Shen Yun Winds Up Canadian Tour, Leaves Audiences Charmed

April 3, 2011 Updated: April 11, 2011

VANCOUVER—With its presentation of 5,000 years of history compressed into two hours of entertainment and cultural education, Shen Yun Performing Arts leaves Canada a little richer once again.

The New York-based group played its final show in Vancouver on April 3, winding up the western leg of its Canadian tour which also included shows in Saskatoon, Calgary, and Edmonton.

Throughout Shen Yun’s four-show run at Vancouver’s Queen Elizabeth Theatre, the audience burst into spontaneous applause during several of the pieces, including Plum Blossom, Ladies of the Tang Palace, and Herding on the Grasslands.

“I don’t think I’ve ever seen anything so beautiful,” said Christopher Meyer, Honorary Consul for South Africa, after seeing the show in Vancouver on April 2.

Celebrated First Nations artist William Nahanee was also captivated by Shen Yun. “They touch the heart; not only the heart, they touch the spirit,” he said.

Retired pastor Suzanne Cowles and her daughter Sarah, a former dancer, attended the performance in Edmonton in late March.

“I’m thinking that if there were more of this kind of thing, then maybe there wouldn’t need to be such animosity in the world,” said Ms. Cowles.

Her daughter called the show “an excellent representation of the human spirit. Beauty and poetry in motion.”

Shen Yun tours the world each year, showcasing a collection of performance pieces inspired by the Middle Kingdom’s long and rich history. The group’s mission is to revive and bring to the world the traditional Chinese art forms and values, most of which have been suppressed by communist policies and campaigns, such as Mao Zedong’s Great Cultural Revolution.

The Shen Yun Performing Arts Orchestra combines two of the world’s great classical music traditions—Chinese and Western. With Western instruments as its base, the orchestra brings out Chinese musical flair through a variety of classical Chinese instruments.

“I thought the orchestra played superbly. It was a wonderful blend of sonorities and absolutely went with the dance routines. It was really very tight,” noted orchestral musician and organ professor Neil Cockburn, who attended the show in Calgary.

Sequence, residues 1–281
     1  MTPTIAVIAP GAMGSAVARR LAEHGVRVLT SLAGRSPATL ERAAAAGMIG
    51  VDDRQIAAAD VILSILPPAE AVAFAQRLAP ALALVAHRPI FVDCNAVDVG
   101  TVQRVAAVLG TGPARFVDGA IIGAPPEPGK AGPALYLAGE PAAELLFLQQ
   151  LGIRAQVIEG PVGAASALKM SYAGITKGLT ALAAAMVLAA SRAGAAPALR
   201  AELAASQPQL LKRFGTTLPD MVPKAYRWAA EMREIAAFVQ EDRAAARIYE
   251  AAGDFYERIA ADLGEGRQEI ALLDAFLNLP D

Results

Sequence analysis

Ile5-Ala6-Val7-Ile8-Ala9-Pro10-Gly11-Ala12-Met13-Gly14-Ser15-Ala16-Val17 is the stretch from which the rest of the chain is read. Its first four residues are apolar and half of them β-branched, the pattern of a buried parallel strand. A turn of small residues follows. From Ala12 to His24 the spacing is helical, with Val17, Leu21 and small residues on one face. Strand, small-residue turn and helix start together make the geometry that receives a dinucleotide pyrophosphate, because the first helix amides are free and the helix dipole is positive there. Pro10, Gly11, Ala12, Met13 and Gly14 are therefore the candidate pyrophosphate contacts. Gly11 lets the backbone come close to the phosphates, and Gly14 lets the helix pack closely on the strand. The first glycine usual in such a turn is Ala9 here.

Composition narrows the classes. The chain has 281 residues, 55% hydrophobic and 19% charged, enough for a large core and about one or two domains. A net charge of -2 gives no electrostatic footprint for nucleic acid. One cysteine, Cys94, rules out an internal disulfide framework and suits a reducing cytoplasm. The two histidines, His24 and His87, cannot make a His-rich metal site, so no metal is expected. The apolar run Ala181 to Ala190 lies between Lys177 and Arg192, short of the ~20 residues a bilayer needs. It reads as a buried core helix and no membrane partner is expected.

Professional violinist and violin teacher Yuel Yawney shared a similar impression. “How the music and the dance worked so well together, it’s beautiful,” he said.

The primary feature of Shen Yun is Classical Chinese dance, which carries the essence of Chinese cultural expression in its movements, postures, and aesthetics. In its early years, it was passed down primarily in the imperial court and as part of ancient theatre.

“I’ve never seen any show in the last 10 years that has such a strength of youth,” said Kim Huynh, professor of art at the University of Calgary, referring to the Shen Yun dancers.

“I expect that all of these young people have many years of training in Chinese classical art. I think the craft, the technique, is so solid.”

Calgary MLA Paul Hinman called the performance, “a beacon for the rest of the world.”

“To think that this is thousands of years of culture that’s been passed on with these traditions and we’re able to see it today,” he said.

Each year, Shen Yun produces an all-new program of dances, songs, and musical scores and takes it to audiences around the world.

When arts supporter Vivian Coverdale emerged from the theatre after the Vancouver show, she remarked: “I can’t imagine how they’re going to beat that next year.”